USA: US Coast Guard plans to terminate NAVTEX
The US Coast Guard may cease broadcasting of NAVTEX (Navigational Telex) but only after it is available on IMO recognized satellite services.
Published 4 years ago
NAVTEX is an international automated service for radio broadcast delivery of navigational and meteorological warnings and forecasts, as well as urgent maritime safety information.
The receiving equipment consists of an aerial and 12v volt receiver with an integrated display. Some systems, costing as little as $150, have Bluetooth capability which transmits the received information to a PC. Smartphone or tablet.
NAVTEX provides continuous updates for a number of services including navigational and met warnings, search and rescue information and pirate warnings and does so every 4 hours. It is widely used and many would consider it an essential aid to navigation and safety.
The US coastguard has announced that:
“It is proposing to cease operating MF NAVTEX and, instead making this information available via IMO recognized satellite services in waters under U.S. responsibility. The current MF NAVTEX equipment is in dire need of replacement. The equipment is antiquated and essential replacement parts are difficult to find and expensive, placing overall operation of MF NATEX at risk.”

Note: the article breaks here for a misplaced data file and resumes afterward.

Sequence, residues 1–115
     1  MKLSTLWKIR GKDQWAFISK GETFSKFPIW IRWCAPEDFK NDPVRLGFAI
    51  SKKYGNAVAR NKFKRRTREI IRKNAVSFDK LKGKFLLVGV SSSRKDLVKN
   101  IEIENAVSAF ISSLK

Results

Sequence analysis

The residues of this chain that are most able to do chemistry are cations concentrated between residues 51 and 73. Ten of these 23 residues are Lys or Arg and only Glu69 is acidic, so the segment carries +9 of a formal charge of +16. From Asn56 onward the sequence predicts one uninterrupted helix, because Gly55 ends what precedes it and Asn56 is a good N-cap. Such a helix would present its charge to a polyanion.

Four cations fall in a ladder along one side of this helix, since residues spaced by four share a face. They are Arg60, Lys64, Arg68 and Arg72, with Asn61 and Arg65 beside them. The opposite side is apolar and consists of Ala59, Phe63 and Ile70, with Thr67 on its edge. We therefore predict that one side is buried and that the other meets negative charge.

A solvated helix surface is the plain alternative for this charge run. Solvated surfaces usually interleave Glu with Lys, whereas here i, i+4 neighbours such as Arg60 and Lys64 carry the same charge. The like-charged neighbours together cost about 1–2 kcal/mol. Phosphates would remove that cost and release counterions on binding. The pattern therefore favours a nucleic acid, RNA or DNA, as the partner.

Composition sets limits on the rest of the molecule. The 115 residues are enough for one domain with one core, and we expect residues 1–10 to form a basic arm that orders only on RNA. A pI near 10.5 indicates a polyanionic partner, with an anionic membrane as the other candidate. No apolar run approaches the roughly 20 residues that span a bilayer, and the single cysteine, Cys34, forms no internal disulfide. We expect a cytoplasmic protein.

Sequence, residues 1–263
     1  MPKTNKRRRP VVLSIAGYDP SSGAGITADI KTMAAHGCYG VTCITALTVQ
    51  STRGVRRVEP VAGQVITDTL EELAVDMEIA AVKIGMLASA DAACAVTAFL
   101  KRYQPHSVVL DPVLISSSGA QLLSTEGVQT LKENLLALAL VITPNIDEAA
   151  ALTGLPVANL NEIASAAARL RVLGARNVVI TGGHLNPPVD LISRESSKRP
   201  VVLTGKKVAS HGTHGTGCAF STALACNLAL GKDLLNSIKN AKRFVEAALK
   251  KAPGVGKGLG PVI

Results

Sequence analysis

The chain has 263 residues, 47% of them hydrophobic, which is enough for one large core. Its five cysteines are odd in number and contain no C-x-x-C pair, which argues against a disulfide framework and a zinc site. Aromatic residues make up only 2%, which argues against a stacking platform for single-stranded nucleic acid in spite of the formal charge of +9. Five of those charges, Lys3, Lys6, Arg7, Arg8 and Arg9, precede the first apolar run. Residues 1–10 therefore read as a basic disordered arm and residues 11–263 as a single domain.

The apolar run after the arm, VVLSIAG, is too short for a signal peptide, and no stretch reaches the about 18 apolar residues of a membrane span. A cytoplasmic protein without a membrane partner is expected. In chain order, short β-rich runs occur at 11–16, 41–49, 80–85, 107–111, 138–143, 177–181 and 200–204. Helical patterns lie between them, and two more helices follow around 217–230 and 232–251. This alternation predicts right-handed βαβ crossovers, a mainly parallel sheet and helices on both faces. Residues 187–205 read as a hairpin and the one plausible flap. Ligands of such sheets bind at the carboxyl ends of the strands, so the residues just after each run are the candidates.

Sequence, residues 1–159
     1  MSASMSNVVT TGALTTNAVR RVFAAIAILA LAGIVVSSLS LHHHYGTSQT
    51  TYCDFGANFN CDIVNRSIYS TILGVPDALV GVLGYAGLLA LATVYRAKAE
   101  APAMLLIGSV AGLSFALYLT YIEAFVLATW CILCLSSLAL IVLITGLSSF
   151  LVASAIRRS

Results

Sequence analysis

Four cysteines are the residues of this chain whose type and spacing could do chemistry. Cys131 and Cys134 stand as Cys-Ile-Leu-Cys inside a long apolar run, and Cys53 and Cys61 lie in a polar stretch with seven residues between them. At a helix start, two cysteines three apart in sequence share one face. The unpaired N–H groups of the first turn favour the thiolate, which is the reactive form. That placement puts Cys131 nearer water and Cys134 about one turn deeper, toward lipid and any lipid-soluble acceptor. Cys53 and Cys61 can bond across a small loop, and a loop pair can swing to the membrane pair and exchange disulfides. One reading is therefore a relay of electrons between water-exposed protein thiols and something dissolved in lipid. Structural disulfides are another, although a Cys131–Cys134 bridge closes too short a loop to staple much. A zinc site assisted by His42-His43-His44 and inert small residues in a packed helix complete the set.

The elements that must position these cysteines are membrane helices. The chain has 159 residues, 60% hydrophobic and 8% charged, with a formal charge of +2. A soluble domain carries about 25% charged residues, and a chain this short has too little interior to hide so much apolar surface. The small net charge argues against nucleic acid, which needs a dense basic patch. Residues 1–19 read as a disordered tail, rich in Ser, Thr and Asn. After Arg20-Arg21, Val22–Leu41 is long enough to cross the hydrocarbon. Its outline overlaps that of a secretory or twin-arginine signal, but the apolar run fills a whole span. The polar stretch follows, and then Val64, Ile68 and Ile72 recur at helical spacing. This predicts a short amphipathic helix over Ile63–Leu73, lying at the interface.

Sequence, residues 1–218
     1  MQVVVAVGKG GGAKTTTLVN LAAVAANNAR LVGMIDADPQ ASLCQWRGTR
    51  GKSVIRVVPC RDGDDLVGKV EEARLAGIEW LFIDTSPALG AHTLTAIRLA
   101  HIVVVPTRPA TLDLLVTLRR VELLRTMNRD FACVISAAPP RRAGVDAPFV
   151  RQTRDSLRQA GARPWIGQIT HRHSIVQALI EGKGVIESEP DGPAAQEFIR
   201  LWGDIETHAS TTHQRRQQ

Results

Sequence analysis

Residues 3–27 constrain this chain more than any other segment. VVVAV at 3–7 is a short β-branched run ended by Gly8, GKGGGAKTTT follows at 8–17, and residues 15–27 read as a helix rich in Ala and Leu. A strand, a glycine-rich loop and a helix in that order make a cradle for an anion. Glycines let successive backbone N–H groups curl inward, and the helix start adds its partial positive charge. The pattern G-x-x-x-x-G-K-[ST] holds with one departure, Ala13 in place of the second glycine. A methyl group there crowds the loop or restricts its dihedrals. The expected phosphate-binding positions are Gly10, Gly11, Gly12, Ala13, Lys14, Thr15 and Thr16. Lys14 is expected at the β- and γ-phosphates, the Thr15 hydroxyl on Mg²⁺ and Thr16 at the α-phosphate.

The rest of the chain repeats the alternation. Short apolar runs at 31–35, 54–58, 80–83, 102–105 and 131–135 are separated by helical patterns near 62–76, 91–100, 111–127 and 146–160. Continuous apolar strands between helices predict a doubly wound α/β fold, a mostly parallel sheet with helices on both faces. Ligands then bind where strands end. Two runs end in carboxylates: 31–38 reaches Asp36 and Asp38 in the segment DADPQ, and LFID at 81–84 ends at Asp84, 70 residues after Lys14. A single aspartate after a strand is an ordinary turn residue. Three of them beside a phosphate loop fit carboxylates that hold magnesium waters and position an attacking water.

Any approved GMDSS satellite terminal will be able to receive this information.
USCG believe the transition from terrestrial broadcast to satellite will provide for more reliable delivery of NAVTEX information and allow better, more cost-effective products in the future. They also believe this change will have a low impact on the maritime public as satellite receivers have become more prevalent onboard vessels.
Before terminating the broadcast, the USCG will consider comments from the public.
Comments on the proposal to make the NAVTEX information available over satellite are welcomed, plus how you would be affected if they did provide the NAVTEX information via satellite, particularly if you use MF NAVTEX and do not currently have a GMDSS satellite terminal onboard your vessel.
They would also like comments on types of Maritime Safety Information products that might be added in the future if they did provide the NAVTEX information via satellite.
Comments must be submitted to the online docket USCG-2019- 0702 via http://www.regulations.gov, on or before 12 November 2019.
After considering any comments received, the USCG will issue a notice in the Federal Register indicating how the matter will be resolved.
For more information on MF NAVTEX in the U.S., see the USCG Navigation Center website.
As Reported By :
Noonsite has not independently verified this information.
Our thanks to Joan Conover of the SCCA for forwarding this information.
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While that might work for ships, which already have a GMDSS satellite terminal fitted anyways, it’s very bad news for us yachties.
“As of April 2018 the only provider of GMDSS satellite services is INMARSAT”
“The types of Inmarsat ship earth station terminals recognized by the GMDSS are: Inmarsat C and F77”
“Unfortunately Fleet 77 [F77] has an end of life scheduled for 1st of December 2020. No definite alternatives are currently defined.”
That means the only way to receive this information once the MF Navtex is shut down is an Inmarsat C terminal, which is neither small nor cheap compared to current Navtex receivers. Example unit: https://www.bluesat.com/sailor-6110-mini-c-gmdss-system.html